The Savannah Harbor Expansion Project (SHEP) gained more traction in March, according to the U.S. Army Corps of Engineers, Savannah District.
SHEP will deepen the Savannah Harbor federal shipping channel from a depth of -42 feet to -47 feet, producing substantial economic benefits for the nation by enabling larger and more heavily-loaded vessels to call on the harbor with fewer tidal delays.
According to the Corps, several features of the project are on schedule to be completed by the end of 2017.
The features include:
- First Dike Raising (June) – When finished, the dike at Dredged Material Containment Area 14A will have been raised five feet in preparation to receive the dredged material from the inner harbor;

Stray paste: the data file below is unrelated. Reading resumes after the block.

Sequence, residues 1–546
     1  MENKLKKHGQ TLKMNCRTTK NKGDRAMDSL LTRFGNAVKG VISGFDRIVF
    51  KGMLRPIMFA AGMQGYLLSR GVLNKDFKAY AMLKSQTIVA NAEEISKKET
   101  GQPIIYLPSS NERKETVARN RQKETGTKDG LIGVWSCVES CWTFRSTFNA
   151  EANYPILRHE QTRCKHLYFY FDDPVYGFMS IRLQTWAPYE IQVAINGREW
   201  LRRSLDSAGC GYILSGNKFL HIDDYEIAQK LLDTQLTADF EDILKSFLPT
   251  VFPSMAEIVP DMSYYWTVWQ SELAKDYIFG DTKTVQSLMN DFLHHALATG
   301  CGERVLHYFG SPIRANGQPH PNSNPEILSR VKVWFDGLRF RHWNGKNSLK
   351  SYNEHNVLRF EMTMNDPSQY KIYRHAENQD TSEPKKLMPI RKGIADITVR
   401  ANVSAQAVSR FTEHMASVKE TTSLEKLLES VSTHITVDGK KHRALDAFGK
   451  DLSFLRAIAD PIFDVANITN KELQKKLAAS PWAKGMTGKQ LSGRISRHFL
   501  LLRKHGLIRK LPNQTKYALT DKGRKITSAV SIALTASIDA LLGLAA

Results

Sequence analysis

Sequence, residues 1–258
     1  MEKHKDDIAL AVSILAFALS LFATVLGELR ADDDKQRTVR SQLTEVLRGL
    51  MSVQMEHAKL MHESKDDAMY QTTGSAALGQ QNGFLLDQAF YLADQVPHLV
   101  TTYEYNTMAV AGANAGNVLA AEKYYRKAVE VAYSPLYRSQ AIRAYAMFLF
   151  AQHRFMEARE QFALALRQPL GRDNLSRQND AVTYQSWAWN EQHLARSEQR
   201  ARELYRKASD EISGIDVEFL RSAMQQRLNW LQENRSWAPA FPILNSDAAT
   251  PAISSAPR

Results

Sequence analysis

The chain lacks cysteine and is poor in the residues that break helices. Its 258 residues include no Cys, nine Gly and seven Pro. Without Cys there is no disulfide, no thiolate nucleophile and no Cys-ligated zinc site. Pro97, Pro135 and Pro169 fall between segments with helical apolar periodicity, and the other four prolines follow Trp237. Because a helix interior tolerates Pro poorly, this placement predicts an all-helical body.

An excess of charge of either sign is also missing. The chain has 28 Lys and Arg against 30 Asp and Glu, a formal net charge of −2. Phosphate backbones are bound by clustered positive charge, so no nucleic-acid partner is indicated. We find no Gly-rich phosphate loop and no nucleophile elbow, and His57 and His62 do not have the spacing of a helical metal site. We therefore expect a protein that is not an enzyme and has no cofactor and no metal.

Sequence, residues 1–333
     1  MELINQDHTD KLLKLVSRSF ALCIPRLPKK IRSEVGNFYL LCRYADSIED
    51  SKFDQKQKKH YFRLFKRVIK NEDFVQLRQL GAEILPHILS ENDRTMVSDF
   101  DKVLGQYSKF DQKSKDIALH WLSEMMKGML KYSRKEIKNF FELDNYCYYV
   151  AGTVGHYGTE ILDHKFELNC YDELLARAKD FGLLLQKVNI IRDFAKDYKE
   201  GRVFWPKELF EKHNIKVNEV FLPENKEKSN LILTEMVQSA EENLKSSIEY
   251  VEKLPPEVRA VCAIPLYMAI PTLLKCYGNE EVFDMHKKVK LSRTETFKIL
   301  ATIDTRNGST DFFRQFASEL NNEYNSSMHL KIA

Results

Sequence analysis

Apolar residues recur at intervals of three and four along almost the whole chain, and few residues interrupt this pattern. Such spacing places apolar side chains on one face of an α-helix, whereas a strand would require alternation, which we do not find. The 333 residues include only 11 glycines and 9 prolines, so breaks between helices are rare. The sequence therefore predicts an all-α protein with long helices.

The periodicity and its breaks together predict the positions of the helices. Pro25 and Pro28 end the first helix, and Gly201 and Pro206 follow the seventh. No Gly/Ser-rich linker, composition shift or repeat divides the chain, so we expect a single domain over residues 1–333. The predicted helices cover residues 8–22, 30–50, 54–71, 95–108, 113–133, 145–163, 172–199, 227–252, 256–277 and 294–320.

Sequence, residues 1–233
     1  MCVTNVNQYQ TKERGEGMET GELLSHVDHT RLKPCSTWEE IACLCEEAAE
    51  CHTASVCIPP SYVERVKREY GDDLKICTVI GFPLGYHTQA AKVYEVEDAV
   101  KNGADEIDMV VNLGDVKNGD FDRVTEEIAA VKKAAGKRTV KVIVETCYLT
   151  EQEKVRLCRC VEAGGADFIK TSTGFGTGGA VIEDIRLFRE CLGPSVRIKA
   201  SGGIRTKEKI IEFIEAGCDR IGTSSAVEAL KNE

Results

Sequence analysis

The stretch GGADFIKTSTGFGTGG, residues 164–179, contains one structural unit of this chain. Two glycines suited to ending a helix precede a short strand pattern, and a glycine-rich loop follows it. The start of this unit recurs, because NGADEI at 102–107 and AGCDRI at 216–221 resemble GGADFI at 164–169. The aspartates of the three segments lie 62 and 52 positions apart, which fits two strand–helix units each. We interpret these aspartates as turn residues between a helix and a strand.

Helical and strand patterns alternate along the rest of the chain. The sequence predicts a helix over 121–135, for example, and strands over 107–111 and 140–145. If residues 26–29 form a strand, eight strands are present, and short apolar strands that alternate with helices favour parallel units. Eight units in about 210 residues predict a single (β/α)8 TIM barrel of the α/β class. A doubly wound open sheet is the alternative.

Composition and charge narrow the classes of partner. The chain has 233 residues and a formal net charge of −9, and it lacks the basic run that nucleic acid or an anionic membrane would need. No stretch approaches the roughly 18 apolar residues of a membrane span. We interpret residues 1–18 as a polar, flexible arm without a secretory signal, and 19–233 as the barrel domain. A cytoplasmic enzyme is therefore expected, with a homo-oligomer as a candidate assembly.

- Raw Water Storage Impoundment (July) – The 97 million-gallon reservoir will provide an additional source of fresh water in rare cases when low river flows and unusually high tides reduce the quality of available water near Abercorn Creek;
- CSS Georgia Recovery (September) – This summer, archaeologists and the Navy will return to recover the remaining two casemate sections of the CSS Georgia which were unable to be recovered during the 2015 effort;
- Dissolved Oxygen Injection System (December) – The system will force oxygen into river water to ensure current levels of dissolved oxygen are maintained before the shipping channel is deepened;
- Sediment Basin Tide Gate Removal (December) – The structure was originally constructed to reduce shoaling in the Savannah River’s main channel.